One of the major factors holding economic growth back in South Africa is power shortages. While Eskom, the public utility, has 45,000 MW of capacity, an estimated one-third of this is currently out of commission due to a combination of scheduled maintenance and unexpected breakdowns.
The electrical system has very little room for error and often struggles to meet demand, with this often resulting in periodic and targeted power cuts. The latest round of load shedding started in November 2014, when a silo collapsed at the Majuba power plant. It continued as the country faced temporary fuel shortages, water shortages at hydro plants and the breakdown of vital components. During the first eight months of 2015, South Africa experienced 99 days of scheduled power cuts. For its part, Eskom has an estimated funding gap of R200bn ($17.3bn), and has fallen behind on the addition of much-needed new capacity because of strikes, higher-than-expected costs and technical issues.
However, the government has developed a plan for making up the shortfall. It is building two coal-fired plants, Medupi and Kusile, which when finished will each supply 4800 MW of capacity. The first 794 MW came on-line in 2015, with more to follow through to 2018. A feasibility study on a third plant has also been undertaken. In addition, three mothballed plants were returned to service in 2014, while the 100-MW Sere wind farm went into operation in 2015, and a considerable amount of other renewable energy capacity is coming on-stream.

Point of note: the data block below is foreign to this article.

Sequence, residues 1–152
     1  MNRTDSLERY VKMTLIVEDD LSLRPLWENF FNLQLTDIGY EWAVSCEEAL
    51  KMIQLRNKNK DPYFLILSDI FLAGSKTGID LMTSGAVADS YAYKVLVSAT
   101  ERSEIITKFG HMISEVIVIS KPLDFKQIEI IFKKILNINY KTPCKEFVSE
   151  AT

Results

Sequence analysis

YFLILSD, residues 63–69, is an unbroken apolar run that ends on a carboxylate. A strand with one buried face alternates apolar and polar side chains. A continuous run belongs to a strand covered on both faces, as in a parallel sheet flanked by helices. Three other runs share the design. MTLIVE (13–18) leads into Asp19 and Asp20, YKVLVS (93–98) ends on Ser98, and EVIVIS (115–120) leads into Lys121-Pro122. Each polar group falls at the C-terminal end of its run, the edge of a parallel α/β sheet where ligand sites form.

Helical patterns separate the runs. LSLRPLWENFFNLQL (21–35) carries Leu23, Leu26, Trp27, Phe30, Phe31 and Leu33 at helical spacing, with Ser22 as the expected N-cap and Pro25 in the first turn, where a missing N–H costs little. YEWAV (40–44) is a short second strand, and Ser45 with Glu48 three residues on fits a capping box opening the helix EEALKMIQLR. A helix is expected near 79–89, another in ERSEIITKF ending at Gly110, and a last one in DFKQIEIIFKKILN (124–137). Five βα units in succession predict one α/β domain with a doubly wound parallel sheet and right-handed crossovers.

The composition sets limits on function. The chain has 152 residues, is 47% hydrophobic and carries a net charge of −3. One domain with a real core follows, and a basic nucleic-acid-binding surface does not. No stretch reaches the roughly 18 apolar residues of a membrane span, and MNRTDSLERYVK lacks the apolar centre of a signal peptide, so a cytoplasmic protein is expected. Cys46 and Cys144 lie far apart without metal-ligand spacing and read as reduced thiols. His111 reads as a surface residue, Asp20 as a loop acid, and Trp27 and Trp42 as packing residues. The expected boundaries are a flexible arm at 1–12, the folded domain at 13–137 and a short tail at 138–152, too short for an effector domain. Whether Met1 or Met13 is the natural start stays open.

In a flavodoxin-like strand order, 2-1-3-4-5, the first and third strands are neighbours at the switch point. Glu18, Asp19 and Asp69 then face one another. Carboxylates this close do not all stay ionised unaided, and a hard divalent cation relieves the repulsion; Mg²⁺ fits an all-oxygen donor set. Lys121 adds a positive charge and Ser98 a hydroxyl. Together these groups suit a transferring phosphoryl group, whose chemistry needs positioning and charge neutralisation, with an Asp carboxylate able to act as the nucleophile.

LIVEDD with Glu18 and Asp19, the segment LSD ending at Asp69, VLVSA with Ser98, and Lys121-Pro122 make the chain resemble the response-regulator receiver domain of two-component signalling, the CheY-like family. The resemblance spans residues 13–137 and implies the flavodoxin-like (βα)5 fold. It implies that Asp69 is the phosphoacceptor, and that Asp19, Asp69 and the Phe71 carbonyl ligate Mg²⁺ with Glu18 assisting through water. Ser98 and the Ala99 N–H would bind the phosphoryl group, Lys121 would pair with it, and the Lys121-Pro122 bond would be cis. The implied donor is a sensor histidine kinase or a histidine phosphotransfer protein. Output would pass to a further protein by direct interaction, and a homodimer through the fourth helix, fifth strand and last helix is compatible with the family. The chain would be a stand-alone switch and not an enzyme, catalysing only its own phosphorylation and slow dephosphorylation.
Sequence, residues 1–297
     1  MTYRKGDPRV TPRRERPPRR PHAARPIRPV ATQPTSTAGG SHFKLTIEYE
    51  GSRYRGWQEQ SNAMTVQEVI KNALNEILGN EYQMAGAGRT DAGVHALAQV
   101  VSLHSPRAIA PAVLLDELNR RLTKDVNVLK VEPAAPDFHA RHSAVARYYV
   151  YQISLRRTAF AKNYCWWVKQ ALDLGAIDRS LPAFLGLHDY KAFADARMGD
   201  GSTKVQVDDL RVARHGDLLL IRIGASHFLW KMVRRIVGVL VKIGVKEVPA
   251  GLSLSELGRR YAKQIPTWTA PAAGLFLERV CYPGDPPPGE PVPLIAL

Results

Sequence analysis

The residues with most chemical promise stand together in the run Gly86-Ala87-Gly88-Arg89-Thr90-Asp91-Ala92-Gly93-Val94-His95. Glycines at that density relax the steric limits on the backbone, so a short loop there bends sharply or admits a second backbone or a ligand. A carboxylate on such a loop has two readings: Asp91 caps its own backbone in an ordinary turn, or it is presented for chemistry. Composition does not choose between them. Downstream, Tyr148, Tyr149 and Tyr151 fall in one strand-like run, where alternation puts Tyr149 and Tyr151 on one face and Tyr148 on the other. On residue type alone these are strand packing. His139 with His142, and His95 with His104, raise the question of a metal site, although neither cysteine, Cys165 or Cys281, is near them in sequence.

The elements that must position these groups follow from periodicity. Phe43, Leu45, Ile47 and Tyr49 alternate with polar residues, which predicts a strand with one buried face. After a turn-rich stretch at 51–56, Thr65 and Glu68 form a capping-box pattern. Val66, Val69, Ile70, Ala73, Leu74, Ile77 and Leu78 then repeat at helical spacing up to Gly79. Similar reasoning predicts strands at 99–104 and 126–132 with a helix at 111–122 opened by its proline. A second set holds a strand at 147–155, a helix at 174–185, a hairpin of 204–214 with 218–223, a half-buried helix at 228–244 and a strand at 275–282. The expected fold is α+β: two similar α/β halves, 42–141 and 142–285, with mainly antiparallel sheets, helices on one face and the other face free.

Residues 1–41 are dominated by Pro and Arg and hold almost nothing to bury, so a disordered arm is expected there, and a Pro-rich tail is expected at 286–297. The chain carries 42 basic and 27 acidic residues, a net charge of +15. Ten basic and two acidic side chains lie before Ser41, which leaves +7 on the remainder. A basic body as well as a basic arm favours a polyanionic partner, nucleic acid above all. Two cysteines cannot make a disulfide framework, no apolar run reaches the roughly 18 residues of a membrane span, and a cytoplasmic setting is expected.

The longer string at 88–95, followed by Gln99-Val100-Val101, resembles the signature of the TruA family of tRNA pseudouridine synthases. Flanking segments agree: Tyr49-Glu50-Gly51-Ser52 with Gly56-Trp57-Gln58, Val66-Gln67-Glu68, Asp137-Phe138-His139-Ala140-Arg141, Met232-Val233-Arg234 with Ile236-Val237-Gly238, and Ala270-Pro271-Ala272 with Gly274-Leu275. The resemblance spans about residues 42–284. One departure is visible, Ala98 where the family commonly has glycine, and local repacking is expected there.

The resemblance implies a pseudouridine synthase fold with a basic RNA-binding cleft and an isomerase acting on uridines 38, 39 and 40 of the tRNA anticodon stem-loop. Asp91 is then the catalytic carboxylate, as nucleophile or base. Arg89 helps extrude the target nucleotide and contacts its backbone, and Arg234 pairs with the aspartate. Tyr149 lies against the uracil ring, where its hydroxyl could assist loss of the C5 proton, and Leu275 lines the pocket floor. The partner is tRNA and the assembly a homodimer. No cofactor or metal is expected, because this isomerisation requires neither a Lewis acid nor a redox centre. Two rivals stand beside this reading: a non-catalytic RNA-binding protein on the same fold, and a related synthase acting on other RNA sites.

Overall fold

A series of other projects are in the works that could increase capacity and diversify generation. The Department of Energy’s Integrated Resource Plan calls for coal-fired electricity to account for less than 15% of all new generation capacity added through to 2030. Renewables are set to provide 42% of all new generation capacity. The plan includes the construction of 9.6 GW of nuclear energy and 11.4 GW of renewables, including solar and wind, by 2030 (see Energy chapter). There are plans to install six nuclear power plants by 2030, although the long lead times involved in getting these up and running have caused some to question the viability of atomic energy in South Africa.
Effect On Business
There have been complaints from the manufacturing, tourism and retail sectors that the cuts make things difficult in an already strained economic environment. Businesses are unable to commit to fresh investments or expansion until they are convinced of a reliable source of energy. “We will not have strong growth in investment until businesses can be assured of continuous supply of base load,” Goolam Ballim, chief economist and global head of research at Standard Bank, told OBG. Load shedding has been a particular problem for the minerals industry, which is a heavy user of electricity, and given the dominance of this sector the impact is felt across the entire economy. The effect has been compounded by the recent fall in commodities prices.
However, there is now widespread agreement that more power is needed in South Africa, and, while the funding requirements are certainly heavy, the planned new capacity should alleviate the pressure on the system once it comes on-line.